By Maryanne W. Waweru
Kellen Mbabazi, 25, is married with two children aged 10 years and 4 years. She recently faced one of her greatest fears: getting screened for cervical cancer.
“Cancer is a big deal in the community today. There are so many people -including women that I know who have the disease. I also know of families that have lost a loved one to cancer. For a long time, I was so terrified of testing for cervical cancer because I was scared I would get a positive result. I imagined that this would be an automatic death sentence for me, yet I’m still young and with a great future ahead of me. I still plan on getting more children, so I didn’t want to be told that I have cervical cancer,” she confesses.
However, one day, Kellen decided to take charge of her own health and mustered the courage to get screened for cervical cancer, having learnt of its importance through a community outreach conducted by Reproductive Health Uganda (RHU) –Kampala branch.
“During the outreach, I heard one of the mobilizers say that with cancer, the key is to detect it early because when it is discovered at a late stage, then it is what might kill you. This information convinced me and that is why I decided to screen for cervical cancer,” she says.
Kellen then went to the nearby Kiswa Health Center in Kampala, where she met a team from Reproductive Health Uganda who screened her for cervical cancer. Following her experience, which she says was eye-opening, Kellen then decided to become a cervical cancer mobilizer.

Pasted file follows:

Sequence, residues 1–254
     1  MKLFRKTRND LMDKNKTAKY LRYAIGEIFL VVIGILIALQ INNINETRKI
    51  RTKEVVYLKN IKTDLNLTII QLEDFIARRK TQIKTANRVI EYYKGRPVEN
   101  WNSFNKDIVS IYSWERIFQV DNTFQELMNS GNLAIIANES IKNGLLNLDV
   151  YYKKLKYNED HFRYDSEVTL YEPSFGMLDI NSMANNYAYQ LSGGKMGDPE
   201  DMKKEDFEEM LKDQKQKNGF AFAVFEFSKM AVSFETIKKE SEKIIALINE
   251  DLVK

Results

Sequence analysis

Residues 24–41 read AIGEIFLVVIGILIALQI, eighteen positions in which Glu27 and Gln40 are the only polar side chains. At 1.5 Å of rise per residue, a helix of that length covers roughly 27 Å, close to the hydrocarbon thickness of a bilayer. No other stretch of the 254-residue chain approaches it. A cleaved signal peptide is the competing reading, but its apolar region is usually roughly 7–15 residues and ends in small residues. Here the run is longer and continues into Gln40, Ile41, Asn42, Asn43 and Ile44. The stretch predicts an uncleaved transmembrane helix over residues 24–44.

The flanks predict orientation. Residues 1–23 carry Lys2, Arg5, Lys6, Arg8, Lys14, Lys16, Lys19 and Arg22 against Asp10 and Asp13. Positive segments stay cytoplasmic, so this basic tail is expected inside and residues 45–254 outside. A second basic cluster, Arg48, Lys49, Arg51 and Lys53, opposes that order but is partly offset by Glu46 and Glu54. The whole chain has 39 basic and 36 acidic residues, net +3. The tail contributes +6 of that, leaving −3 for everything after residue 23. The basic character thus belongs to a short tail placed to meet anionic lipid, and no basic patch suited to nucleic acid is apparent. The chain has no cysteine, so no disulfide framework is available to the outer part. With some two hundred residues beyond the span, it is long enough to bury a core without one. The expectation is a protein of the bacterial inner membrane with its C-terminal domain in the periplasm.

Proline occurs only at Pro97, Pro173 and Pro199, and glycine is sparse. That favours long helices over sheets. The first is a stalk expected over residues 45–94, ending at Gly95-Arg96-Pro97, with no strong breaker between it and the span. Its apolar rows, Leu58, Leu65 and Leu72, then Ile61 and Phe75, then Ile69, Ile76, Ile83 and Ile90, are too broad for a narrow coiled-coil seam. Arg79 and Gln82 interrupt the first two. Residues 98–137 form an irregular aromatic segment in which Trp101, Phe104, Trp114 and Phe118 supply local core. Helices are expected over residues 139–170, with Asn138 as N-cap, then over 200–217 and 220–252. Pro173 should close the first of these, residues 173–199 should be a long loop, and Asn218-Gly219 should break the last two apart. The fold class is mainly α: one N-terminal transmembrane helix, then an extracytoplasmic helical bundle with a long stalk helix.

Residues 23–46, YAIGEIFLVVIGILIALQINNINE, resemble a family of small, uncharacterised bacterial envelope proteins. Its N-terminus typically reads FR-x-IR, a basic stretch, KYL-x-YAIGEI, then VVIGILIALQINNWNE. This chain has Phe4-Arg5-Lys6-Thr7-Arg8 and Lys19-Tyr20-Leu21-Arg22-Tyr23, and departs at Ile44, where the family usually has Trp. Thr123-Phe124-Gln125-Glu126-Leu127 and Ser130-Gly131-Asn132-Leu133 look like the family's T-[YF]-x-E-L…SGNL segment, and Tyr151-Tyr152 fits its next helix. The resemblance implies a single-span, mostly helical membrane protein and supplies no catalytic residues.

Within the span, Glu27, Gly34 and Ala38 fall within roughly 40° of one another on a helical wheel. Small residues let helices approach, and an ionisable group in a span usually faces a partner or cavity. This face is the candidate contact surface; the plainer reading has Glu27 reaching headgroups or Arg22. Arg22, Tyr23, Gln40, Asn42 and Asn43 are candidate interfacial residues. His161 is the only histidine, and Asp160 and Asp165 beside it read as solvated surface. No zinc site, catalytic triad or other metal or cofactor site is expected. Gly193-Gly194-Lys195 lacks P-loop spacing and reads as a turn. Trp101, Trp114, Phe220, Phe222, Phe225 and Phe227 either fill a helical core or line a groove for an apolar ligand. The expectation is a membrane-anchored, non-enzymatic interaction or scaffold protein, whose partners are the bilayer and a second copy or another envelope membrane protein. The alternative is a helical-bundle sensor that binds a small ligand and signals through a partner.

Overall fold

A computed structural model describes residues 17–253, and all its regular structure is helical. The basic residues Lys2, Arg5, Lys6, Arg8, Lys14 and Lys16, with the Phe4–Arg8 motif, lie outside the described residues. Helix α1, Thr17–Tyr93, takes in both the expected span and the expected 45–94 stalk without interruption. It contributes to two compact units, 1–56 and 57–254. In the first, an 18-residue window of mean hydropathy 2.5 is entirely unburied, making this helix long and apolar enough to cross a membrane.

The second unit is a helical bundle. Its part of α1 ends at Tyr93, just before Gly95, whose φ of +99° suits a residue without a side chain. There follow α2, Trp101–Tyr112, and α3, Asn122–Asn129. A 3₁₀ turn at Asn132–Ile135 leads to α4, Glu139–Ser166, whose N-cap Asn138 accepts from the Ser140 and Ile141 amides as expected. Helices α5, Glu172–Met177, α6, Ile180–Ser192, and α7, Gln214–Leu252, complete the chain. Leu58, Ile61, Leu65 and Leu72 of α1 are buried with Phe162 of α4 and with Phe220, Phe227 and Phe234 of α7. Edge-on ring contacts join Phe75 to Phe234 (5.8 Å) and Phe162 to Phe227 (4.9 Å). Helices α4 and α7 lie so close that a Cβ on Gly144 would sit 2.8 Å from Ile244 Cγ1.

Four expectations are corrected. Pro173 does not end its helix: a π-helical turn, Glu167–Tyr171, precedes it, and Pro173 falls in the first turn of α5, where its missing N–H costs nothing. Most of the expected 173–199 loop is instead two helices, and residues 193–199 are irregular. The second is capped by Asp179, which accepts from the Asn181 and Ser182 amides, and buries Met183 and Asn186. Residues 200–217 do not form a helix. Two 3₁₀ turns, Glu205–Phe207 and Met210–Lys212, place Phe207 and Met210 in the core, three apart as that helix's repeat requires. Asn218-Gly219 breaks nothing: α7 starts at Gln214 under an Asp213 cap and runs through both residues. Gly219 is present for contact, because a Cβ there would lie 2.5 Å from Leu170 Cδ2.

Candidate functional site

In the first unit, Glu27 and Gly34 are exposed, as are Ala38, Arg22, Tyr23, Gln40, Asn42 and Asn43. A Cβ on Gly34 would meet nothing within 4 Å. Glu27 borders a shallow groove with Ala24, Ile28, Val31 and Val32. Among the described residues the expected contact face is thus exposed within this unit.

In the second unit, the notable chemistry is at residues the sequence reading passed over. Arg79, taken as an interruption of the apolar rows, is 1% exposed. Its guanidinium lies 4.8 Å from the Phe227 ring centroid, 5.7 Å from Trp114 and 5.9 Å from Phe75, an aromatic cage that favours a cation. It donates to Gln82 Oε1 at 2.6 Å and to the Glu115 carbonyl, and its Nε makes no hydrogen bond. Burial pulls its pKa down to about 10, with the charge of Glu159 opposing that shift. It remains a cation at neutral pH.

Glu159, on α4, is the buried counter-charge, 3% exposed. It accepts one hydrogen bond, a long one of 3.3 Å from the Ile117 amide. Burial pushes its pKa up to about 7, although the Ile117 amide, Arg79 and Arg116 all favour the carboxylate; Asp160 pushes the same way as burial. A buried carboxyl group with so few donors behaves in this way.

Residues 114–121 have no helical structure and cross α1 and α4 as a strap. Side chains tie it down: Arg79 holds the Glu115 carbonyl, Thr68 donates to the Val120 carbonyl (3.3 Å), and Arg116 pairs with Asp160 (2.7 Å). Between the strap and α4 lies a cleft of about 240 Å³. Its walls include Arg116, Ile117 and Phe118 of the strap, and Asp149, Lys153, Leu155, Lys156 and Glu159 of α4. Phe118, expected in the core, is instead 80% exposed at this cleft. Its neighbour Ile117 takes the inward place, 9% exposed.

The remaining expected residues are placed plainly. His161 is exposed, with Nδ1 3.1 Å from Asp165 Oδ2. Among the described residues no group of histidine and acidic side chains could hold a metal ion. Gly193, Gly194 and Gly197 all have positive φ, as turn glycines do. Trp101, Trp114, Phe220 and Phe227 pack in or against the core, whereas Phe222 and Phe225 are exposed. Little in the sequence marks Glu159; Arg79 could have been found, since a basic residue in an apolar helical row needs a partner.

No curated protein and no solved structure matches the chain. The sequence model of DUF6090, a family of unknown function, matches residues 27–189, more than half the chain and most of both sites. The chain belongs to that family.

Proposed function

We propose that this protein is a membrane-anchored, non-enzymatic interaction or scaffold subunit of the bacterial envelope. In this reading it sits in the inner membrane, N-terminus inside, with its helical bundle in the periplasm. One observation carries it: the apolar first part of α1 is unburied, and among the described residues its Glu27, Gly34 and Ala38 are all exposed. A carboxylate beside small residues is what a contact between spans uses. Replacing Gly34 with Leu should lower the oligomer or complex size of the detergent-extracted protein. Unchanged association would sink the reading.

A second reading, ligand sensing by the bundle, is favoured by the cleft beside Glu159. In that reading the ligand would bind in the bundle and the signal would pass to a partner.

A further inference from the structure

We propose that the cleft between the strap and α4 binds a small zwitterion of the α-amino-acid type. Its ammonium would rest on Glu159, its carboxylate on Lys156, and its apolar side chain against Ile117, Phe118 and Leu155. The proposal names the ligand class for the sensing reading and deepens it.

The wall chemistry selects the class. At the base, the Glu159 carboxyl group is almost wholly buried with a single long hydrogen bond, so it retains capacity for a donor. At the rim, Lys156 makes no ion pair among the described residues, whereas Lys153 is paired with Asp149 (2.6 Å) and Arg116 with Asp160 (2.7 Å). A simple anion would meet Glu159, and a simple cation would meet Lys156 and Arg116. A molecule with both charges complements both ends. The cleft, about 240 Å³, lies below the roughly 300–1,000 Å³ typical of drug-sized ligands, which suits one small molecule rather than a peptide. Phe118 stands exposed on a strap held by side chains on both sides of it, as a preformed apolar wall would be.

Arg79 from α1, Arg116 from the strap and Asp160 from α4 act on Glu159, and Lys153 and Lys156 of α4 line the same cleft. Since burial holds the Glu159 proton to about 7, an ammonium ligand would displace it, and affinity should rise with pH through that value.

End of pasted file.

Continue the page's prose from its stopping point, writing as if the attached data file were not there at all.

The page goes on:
“My mother and my sisters were the first people I encouraged to come for screening. I then informed my friends and encouraged them to test too. This is something that I will continue doing, because I have realized that it is not the disease that kills people, but fear for testing. Yet, early screening is one of the best solutions to cervical cancer. This is the information that I have been sharing with my female networks, and I will not relent in doing so,” she says.
RHU implements the Cervical Cancer Screening and Preventative Therapy (CCSPT) Initiative, which uses static clinics and outreaches as the main service delivery modes. The CCPT initiative aims at maximizing the number of cancer services offered to women through a validated, low-cost screening and preventative therapy approach. Screening is carried out using Visual Inspection with Acetic Acid (VIA) -an evidence-based and affordable alternative approach for cervical cancer screening in low-resource settings. The CCSPT Initiative offers instant treatment for clients with pre-cancerous lesions using cryotherapy –a method that involves freezing of precancerous lesions.
Ms. Annet Kyarimpa, the Special Projects Coordinator in the IPPFAR Member Association in Uganda –Reproductive Health Uganda (RHU) says that CCSPT Initiative outreach activities provide the biggest bulk of clients (over 75%).
The success of this approach is largely attributed to the fact that the outreaches are conducted in lower level health facilities (including government health facilities) that provide a conducive service delivery environment.
Maryanne W. Waweru is the Communications Officer, IPPF Africa Regional Office.